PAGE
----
State raptor biologists said it will help tell the story of ‘migrant’ birds.
BY DEIRDRE FLEMINGSTAFF WRITER
The great black hawk that was euthanized after it took up residence in Deering Oaks park and sustained frostbite during a storm in January will be mounted and displayed at the Maine State Museum.
Maine state raptor biologist Erynn Call said the Maine Department of Inland Fisheries and Wildlife made the decision to display the large hawk, which is native to Central and South America. She said the hawk’s plight tells the story of how birds – called vagrants by ornithologists – can fly off course and end up far from their usual habitats.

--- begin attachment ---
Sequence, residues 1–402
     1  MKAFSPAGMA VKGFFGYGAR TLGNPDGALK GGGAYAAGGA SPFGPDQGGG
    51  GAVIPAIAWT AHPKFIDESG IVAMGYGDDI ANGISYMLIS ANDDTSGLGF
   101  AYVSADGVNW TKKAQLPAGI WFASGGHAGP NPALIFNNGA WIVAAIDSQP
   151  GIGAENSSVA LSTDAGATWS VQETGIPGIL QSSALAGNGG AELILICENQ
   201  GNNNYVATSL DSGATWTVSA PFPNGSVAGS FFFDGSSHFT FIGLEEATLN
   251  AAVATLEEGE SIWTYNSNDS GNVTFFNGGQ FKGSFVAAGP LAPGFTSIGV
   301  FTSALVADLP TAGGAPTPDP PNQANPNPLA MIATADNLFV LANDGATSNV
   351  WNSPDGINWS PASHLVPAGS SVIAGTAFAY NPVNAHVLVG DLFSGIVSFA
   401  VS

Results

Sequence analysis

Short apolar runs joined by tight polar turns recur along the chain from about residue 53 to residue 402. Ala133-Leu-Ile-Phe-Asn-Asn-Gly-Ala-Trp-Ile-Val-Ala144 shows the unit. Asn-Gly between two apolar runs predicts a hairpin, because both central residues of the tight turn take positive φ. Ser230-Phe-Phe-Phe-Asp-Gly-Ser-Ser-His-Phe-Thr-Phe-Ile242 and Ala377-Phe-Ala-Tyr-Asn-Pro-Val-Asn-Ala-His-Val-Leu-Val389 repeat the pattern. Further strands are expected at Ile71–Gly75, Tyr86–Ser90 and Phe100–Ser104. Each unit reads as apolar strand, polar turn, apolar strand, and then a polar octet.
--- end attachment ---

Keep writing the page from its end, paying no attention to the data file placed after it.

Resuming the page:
“IFW did make the decision on the great black hawk, and it will be at the Maine State Museum,” Call said. “I wouldn’t call it a non-native, I’d call it a migrant. To our knowledge, it did come here by the natural process of migration. This happens to other species of birds as well.”
It was only the second time a great black hawk was seen in the United States, Maine Audubon said.